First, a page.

You're probably familiar with some of the most common wedding flower arrangements, such as bouquets, boutonnieres, and centerpieces, but it turns out that they're just the tip of the iceberg when it comes to your wedding decor. Aside from these popular options, there are dozens of additional ways to use flowers at your wedding, from ceremony altars to welcome table decor. Flowers are a gorgeous way to customize your wedding, but the first step is figuring out exactly what you'll need (and deciding what fits into your wedding budget). We've created this wedding flower checklist to outline every time you might want—or in some cases, need—to incorporate flowers on your wedding day. And while it's unlikely that you'll end up using all of these floral wedding ideas, we think it's best to know all your options, especially before hiring a wedding florist. Here are 30 flower arrangements to keep in mind while wedding planning.
Wedding Flat Lay
You can ask your photographer ahead of time if they're planning to capture flat lay photos and detail shots of your miscellaneous wedding day items (invitations, rings, accessories, etc.). If so, we suggest asking your wedding florist to include a few extra flowers and pieces of greenery with your arrangements—your photographer will appreciate having the blooms on hand for their creative shots.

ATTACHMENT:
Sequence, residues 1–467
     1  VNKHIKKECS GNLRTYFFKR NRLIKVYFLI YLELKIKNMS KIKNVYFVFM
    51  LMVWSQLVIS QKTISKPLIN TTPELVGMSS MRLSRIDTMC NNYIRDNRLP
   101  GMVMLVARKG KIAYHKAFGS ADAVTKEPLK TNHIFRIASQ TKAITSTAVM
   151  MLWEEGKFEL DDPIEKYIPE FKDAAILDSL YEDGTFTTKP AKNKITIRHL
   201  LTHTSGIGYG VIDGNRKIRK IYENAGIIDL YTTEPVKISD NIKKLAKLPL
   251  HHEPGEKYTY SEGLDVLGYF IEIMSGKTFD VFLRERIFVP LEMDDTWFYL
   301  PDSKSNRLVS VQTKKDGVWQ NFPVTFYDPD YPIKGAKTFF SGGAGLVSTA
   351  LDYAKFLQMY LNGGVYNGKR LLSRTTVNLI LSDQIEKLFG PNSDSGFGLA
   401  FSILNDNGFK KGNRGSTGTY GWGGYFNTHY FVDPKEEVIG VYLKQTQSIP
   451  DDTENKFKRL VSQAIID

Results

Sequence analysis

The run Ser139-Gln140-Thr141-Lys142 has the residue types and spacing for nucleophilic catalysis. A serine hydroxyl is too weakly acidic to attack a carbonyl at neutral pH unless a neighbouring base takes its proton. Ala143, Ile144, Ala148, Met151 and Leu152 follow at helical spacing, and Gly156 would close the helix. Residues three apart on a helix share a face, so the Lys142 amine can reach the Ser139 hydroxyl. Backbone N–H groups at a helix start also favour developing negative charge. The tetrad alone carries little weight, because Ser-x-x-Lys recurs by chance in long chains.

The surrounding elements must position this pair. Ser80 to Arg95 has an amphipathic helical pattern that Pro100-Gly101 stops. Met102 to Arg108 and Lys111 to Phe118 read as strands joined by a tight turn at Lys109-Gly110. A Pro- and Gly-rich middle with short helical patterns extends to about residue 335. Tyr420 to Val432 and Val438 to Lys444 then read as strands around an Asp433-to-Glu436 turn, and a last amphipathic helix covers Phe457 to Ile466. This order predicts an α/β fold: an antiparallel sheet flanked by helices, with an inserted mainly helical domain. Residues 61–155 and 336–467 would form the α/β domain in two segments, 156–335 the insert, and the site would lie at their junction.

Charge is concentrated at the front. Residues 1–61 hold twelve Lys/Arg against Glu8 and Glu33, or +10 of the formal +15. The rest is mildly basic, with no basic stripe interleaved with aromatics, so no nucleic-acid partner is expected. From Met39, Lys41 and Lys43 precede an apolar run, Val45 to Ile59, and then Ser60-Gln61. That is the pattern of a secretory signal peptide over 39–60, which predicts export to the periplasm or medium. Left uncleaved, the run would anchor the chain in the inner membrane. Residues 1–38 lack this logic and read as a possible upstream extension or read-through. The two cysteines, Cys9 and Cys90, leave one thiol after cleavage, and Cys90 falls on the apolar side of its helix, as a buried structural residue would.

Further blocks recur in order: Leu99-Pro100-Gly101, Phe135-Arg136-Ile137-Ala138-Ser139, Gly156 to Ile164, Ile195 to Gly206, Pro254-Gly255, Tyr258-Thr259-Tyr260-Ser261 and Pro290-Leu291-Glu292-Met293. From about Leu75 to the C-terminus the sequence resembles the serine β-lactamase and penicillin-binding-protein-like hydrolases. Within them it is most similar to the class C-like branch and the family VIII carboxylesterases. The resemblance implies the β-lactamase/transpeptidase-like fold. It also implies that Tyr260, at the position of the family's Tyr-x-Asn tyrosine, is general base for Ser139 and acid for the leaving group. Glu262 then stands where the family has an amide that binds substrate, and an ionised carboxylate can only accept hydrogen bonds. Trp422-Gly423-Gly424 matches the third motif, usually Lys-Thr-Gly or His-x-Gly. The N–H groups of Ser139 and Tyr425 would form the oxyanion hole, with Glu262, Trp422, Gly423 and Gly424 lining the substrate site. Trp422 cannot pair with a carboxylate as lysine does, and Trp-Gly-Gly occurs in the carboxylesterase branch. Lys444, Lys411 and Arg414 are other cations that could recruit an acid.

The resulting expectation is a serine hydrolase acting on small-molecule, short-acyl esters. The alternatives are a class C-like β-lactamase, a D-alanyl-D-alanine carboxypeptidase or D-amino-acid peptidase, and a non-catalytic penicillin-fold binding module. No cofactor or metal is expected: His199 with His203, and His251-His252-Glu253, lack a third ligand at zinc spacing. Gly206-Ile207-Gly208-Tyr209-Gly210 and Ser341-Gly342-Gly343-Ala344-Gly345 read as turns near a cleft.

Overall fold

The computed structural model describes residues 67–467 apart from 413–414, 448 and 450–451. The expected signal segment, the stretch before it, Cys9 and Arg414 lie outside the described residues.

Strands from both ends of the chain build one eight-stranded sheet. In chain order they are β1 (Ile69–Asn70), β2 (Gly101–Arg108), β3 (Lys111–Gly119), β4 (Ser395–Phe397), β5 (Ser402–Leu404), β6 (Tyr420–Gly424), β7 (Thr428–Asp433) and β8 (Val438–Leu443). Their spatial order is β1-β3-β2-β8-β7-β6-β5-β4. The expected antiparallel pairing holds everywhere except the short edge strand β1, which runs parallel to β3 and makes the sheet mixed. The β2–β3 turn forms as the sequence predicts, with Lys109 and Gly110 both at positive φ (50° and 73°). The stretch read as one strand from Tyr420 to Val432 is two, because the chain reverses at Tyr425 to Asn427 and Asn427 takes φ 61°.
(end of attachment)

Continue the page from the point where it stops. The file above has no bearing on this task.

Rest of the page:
The bouquet is an arrangement of flowers that the bride carries down the aisle and holds during portraits. It's arguably one of the most important floral elements of the entire wedding day. Depending on the flowers you choose, bouquets come in many different styles, colors, sizes, and shapes, making each one a unique floral masterpiece. The flower stems may be wrapped in ribbon, lace, a handkerchief, or left exposed.
Maid of honor and bridesmaid bouquets are usually smaller, less elaborate versions of the bride's bouquet, with similar flowers and a matching color palette. Traditionally, the bridesmaid bouquets are identical to each other, but a growing trend has brides asking their wedding florists to create bridesmaid bouquets that are complementary in color and style rather than being exact clones.
This tiny accessory is a floral pin worn on a suit or tuxedo lapel. Wedding boutonnieres are typically composed of one or two small flowers and may also contain decorative accents like berries or greenery. They are traditionally reserved for the groom, best man, groomsmen, father of the bride, father of the groom, wedding ushers, and occasionally the ring bearer.
A corsage is a small bundle of blooms that is traditionally worn around a woman's wrist like a bracelet. Wedding corsages are most often reserved for the mother of the bride, mother of the groom, grandmothers of the bride and groom, and other special female guests who aren't part of the main wedding party.
Floral design by The Rosy Posy
Wedding Flower Crown
Flower crowns are halos of flowers (and sometimes greenery) that are worn around the head. These pretty crowns started out as accessories for flower girls and younger wedding attendants, but they have also been a favorite for bohemian, free-spirited, and ethereal brides over the last several years.
Floral Wedding Hair Accessory